Protest Art in Malaysia

Art has been used as a means to protest and bring social awareness since the early 1900s. One of the most recognised earlier forms of protest art was perhaps Pablo Picasso’s Guernica, an oil-based mural painting that until today, is still highly regarded as one of the most powerful anti-war paintings in history. It was painted in 1937, as a response to the bombing of Guernica, a small village in Spain, by Nazi German and Fascist Italian warplanes.

Protest art, which is also known as political art, takes on many forms – from street protest art that are displayed during rallies to graffiti art and mural paintings to fine art to comic illustrations to poetry to music and even films. The possibilities are endless when it comes to voicing out through art, and it has become a portal for the artists to become activists and the activists to become artists.

Despite the strict governing policies in Malaysia, artists have been fearlessly sharing their works and views through many forms and mediums. This is especially apparent when something particularly striking happens and affects the public sphere. However, there also artists who seem to be committing a lot of their time and effort into pushing their sociopolitical views out in the open, and one of these would be cartoonist Zunar.


Zunar is internationally known not only for his political criticism through his cartoon illustrations, but also for the fact that he is currently facing up to 43 years prison time after multiple charges of ridiculing the government. Regardless of this, he is still actively publishing his comics on his website and even touring other countries to talk about his passion and the importance of speaking up. Besides poking fun at our own politicians and policies, he has also touched on international issues through his cartoons. One of these includes the fatal shooting of 12 people at the offices of Charlie Hebdo, where he posted a sketch in solidarity with the French magazine despite the backlash he received for showing support to a magazine that is known for ridiculing Islam.


Another prominent political artist would be Fahmi Redza, whose clownish drawing of our Prime Minister has gained him international attention. The drawing, which started off as a response to the sedition act, has since been turned into posters, t-shirts and even graffiti art. In fact, it has gotten such an overwhelming response to the point where “Kita Semua Penghasut” has become a movement for people to show their discontent towards the sedition act. Fahmi’s calling as a political/protest artist has actually begun long before the clown faces filled up the streets of Kuala Lumpur. He used to design posters and banners against police brutality back in 2014, which also landed him in trouble. He has since been arrested, banned and had his artworks seized several times.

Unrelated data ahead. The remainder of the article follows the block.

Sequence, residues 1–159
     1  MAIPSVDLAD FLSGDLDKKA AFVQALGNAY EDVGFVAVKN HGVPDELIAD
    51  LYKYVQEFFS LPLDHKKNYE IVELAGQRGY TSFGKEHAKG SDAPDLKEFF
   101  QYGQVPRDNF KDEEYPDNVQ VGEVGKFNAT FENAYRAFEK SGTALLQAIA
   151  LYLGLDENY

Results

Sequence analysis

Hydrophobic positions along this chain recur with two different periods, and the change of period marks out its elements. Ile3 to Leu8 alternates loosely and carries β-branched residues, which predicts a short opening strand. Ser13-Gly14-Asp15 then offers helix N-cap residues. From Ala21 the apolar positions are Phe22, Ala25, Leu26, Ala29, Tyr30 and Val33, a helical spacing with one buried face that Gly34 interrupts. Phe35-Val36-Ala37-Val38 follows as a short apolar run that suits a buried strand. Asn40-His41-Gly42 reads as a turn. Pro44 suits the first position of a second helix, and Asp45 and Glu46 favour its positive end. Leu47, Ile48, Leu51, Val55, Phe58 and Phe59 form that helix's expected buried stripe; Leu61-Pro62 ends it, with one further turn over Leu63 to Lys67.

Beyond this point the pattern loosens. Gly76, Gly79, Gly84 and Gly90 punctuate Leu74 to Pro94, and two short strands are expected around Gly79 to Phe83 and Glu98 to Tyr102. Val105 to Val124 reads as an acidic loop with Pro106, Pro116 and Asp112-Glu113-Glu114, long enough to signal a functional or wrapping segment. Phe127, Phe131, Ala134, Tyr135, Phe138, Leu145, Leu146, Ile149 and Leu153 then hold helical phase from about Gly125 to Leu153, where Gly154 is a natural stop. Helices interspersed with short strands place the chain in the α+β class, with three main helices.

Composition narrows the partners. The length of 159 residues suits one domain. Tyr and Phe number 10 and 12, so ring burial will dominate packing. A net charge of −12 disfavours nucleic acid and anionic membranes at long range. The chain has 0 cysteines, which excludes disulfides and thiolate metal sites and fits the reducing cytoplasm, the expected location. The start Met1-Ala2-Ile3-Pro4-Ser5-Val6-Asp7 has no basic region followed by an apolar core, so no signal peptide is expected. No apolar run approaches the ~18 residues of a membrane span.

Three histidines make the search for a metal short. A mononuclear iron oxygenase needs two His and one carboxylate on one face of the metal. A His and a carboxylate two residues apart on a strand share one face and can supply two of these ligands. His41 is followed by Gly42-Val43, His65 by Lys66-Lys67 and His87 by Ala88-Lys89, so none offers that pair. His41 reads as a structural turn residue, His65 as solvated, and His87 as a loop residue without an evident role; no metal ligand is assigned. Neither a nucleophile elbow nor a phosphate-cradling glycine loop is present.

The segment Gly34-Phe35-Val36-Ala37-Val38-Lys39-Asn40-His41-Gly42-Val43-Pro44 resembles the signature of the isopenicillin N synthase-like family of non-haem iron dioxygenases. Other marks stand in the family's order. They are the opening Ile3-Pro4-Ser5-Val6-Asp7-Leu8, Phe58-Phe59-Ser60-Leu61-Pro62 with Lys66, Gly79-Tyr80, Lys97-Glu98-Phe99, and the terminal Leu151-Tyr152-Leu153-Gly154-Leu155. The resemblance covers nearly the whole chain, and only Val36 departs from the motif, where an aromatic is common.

Besides cartoon drawings and graphic designs, protest art also exists in the form of performances. Theatre practitioner Mark Teh held a participatory performance called Sudden Death in memory of political aide Teoh Beng Hock. This performance was performed a few times in 2009, the same year where Teoh had mysteriously died. It involved the audience participation where they had to light a candle and lay on ground in the position that Teoh had been found in until the candle burns out. Other than paying respect, Mark had emphasised that the performance was also meant to highlight the deaths of many other individuals in custody. Just like Fahmi Redza, Mark Teh’s individuality and art are highly influenced by the political issues that surround him, including corruption and the abuse of power. In an interview with a fellow art practitioner Rahmat Haron, Mark expressed his views on art and politics, claiming that all artists are political, regardless of whether or not they want to be.

As ironic as this may seem, while most youths are typically the consumers political art, it turns out that the rich are the ones willing to spend on it. The rich, in this context, basically refers to those who are being criticised, or part of them anyway. For instance, a painting called Sering Gigit by Sabihis Md Pandhi, which was a critique of the financial system, was bought by a family member of one of Hong Leong Bank’s co-founders. On top of that, Ilham Gallery, which is owned by former finance minister Tun Daim Zainuddin, also held an exhibition called Era Mahathir last year. The exhibition focused on critical social issues that came about from Mahathir’s 22 years in power.  

This leads us to wonder – is political art only considered non-seditious if they do not criticise anyone in current power? And will support from those in the upper-hand change this in any way? Maybe only time will tell for now. But as for our artists, they are still courageously practicing their art, no matter the consequence. They hold true to their beliefs that with great talent comes an even greater responsibility – to speak up, to raise awareness, to bring about change.

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